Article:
Frank Winkler to Guest-Conduct Music Institute Chorale July 24

Frank Winkler to Guest-Conduct Music Institute Chorale July 24

Recently retired piano and conducting faculty member Frank Winkler has performed and taught a wide range of musical styles, from the classic to the contemporary, but he has found the people, from professional musicians to teaching colleagues to students of all ages, the most rewarding aspect of his career.

"The best thing about my conducting and performing experiences has been the interaction with the musicians," he said. "I may have been standing in front of them when I was conducting, but I also learned from them, and it was exciting to share the repertoire with them. As for my students, I benefited as much from their contributions as they did from mine."

Winkler spent 20 years at the Music Institute teaching piano and conducting. At various times during his tenure, he led as many as nine adult and student ensembles, including the Philharmonic and Honors Chamber Orchestra for youth and Community Symphony and Quartet Strings for adults. He has conducted the Grant Park Symphony and the Orchestra of Illinois and made a cameo appearance as the orchestra conductor in the movie Home Alone II. He is the founder of the Symphonic Pops Orchestra of Chicago, which performed in Taiwan under his direction in 2000. For 20 years he was the director of the Harper Symphony Orchestra. Formerly a member of the Grant Park Symphony Chorus and the Chicago Symphony Chorus, he has been director of the Elgin Choral Union and numerous church and community choruses. He has performed as pianist with the Chicago Symphony Orchestra, the Royal English and Bolshoi Ballets, and in a series of jazz concerts in Bombay, India.

Winkler felt very welcomed at the Music Institute from the beginning. "I remember when [Music Institute Director] Frank Little introduced me, those faculty who didn't know me asked about my teaching style," he recalled. "I explained that my specialty was diversity of repertoire-contemporary as well as classical. If a person walked in and wanted to study Haydn and Mozart, I felt it was also beneficial to study Elton John and Judy Collins. You learn about different styles of notation and interpretation. And they were very receptive to that."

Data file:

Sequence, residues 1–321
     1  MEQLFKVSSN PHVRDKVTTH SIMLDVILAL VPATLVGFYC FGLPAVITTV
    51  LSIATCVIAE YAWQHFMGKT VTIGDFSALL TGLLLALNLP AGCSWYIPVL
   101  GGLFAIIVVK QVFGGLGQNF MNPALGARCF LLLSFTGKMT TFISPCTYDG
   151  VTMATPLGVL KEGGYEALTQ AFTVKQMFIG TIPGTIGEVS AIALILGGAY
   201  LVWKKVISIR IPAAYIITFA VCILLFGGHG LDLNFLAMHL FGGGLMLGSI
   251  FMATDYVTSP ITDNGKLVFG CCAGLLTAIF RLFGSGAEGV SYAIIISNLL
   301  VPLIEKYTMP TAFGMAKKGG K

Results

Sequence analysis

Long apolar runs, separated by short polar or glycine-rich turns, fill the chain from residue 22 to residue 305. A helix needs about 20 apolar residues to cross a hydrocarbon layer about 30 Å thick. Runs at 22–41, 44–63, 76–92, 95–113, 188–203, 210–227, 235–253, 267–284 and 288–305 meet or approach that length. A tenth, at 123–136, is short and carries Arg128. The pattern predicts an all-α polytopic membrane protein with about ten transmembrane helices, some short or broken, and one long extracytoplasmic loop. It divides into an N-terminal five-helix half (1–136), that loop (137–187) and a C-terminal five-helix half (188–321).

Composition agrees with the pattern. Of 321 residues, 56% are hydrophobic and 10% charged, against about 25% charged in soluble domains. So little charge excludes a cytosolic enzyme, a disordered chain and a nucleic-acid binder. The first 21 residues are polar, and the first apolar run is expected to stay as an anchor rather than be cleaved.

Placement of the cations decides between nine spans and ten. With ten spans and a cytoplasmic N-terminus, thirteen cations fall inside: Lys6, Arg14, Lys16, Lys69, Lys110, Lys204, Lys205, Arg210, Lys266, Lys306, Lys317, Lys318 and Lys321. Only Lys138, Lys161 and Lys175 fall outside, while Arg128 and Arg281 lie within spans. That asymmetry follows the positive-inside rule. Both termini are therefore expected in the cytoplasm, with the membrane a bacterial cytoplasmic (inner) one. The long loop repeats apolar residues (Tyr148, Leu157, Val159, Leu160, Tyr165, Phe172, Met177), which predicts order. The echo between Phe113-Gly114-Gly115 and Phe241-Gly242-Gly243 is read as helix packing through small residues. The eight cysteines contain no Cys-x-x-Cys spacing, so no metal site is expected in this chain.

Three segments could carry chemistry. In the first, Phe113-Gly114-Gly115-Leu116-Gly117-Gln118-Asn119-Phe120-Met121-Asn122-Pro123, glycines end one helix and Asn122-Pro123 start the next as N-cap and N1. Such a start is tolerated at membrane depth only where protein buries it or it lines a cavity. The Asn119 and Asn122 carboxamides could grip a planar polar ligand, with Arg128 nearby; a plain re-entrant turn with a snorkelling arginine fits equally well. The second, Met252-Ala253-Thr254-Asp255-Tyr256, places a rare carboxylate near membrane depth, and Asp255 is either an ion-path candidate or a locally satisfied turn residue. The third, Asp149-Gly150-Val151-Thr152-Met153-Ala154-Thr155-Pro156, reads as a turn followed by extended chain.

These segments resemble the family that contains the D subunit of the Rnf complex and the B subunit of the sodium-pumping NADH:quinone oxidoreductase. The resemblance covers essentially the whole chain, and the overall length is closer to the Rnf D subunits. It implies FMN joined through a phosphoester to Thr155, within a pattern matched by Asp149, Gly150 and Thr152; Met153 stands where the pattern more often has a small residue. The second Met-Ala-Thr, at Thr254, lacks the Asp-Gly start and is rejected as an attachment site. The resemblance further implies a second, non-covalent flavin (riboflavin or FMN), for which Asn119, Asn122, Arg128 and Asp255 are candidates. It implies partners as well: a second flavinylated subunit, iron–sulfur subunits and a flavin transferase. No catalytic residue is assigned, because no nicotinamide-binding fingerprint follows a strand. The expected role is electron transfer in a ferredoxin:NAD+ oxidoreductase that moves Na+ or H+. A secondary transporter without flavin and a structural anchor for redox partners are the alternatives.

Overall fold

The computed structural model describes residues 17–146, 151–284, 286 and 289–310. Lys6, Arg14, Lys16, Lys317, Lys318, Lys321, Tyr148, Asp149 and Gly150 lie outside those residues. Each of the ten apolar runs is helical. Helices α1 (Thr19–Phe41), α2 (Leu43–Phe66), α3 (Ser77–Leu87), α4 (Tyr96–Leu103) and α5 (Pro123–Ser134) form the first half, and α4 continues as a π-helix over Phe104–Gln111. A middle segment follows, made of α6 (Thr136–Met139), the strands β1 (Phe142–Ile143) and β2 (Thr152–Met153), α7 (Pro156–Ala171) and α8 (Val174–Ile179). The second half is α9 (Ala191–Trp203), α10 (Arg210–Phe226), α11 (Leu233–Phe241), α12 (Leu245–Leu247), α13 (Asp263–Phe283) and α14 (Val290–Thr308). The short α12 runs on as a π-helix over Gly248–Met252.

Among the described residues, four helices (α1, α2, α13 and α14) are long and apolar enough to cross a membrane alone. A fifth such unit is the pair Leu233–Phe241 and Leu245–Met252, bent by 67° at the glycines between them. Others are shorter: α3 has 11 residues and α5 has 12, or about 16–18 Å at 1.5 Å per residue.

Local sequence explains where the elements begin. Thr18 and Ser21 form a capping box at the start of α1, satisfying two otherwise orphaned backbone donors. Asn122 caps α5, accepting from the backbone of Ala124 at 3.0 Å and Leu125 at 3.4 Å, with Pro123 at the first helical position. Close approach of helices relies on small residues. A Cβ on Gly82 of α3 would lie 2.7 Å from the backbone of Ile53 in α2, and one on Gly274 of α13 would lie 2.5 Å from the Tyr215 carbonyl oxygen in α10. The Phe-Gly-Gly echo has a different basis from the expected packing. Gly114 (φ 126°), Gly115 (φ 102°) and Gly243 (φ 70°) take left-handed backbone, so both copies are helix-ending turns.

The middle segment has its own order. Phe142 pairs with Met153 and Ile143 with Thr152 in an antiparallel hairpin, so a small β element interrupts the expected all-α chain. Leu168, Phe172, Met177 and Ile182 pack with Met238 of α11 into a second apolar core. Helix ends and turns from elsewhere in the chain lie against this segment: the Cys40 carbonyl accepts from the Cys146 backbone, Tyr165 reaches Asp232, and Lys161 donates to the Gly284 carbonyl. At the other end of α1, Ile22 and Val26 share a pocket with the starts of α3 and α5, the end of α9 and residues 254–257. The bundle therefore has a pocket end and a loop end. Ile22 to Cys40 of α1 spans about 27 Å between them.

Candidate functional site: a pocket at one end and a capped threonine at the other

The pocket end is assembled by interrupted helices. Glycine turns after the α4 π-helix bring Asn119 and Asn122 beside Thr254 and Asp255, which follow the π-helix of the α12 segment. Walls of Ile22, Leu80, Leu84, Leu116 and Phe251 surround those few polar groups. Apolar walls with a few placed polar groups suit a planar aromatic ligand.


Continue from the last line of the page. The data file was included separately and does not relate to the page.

As a teacher of both piano and conducting, Winkler found that each influenced and helped the other. "When I'm standing in front of a group, there's a group dynamic, and, as much as I enjoy conducting and performing, I really enjoy the group advantage of being able to seek the advice of one another. It causes me to tap into my own musical resources that can make a difference to other people on the other side of the room. When I teach piano, it's one on one, and you have different hopes and expectations for how things are going to turn out. You hope that your rehearsal regimen on a one-to-one basis is the same."

Winkler found different challenges in teaching adults vs. children, but was equally adept at working with both. For a period, he served as division head of the Music Institute's Adult Studies Program and had a robust contingent of adult students throughout his time at the school. "The aging mechanism and what it does to the body created different physiological problems for my older students, primarily because the fingers aren't as flexible and supple as they used to be. They definitely have to be a little more regulated and work harder to make sure they maintain the correct stance and posture, but it's also very exciting because their minds are so sharp. With young people, you see unbounded energy and sometimes very little discipline, but with my older students, there is so much discipline. Overall, I would say that it was enjoyable but challenging to meet my adult students' social and repertoire needs. Both groups of people have their pros and cons, and I enjoyed the complexity and diversity of it all."

Among the luminaries Winkler has performed with are Sylvia McNair, Kathleen Battle, Sammy Davis Jr., Buddy Rich, and Frank Sinatra. He shared, "Sinatra had been a hero of mine and was the ultimate perfectionist, which was incredible to experience firsthand. He had a wonderful ear and knew the arrangements and compositions so well. It was great to see the entire string section made up of members of the Chicago Symphony Orchestra, too."With retirement, Winkler is looking forward to enjoying music at a more relaxed pace. "I can now restudy musical works without the immediacy of a performance coming up. I can sit back and study a score for my own pleasure."

That being said, he does have a performance coming up: serving as guest conductor of the Music Institute of Chicago Chorale's Summer Sing-Along on July 24, featuring Schubert's Mass in G and Haydn's Lord Nelson Mass. He finds working with the Chorale "very enriching and unique. Sometimes we have more than 100 people singing music they know and love. It's wonderful for those who are used to large choruses but don't have time to commit to something ongoing. This gives them a chance to reacquaint themselves with repertoire and sing with a full orchestra. Danny [Wallenberg, Chorale music director] has already invited me back for July 2020."

The Music Institute of Chicago Chorale, with guest conductor Frank Winkler performs Wednesday, July 24 at 7:30 p.m. at Nichols Concert Hall, 1490 Chicago Avenue, Evanston. Participation is $10 (register here). Audiences pay $10 at the door. An optional free rehearsal for participants takes place Tuesday, July 23 at 7:30 p.m. at Nichols Concert Hall. Call 847-905-1500 with questions or to reserve a copy of the score. Information about Chorale auditions and more is available at

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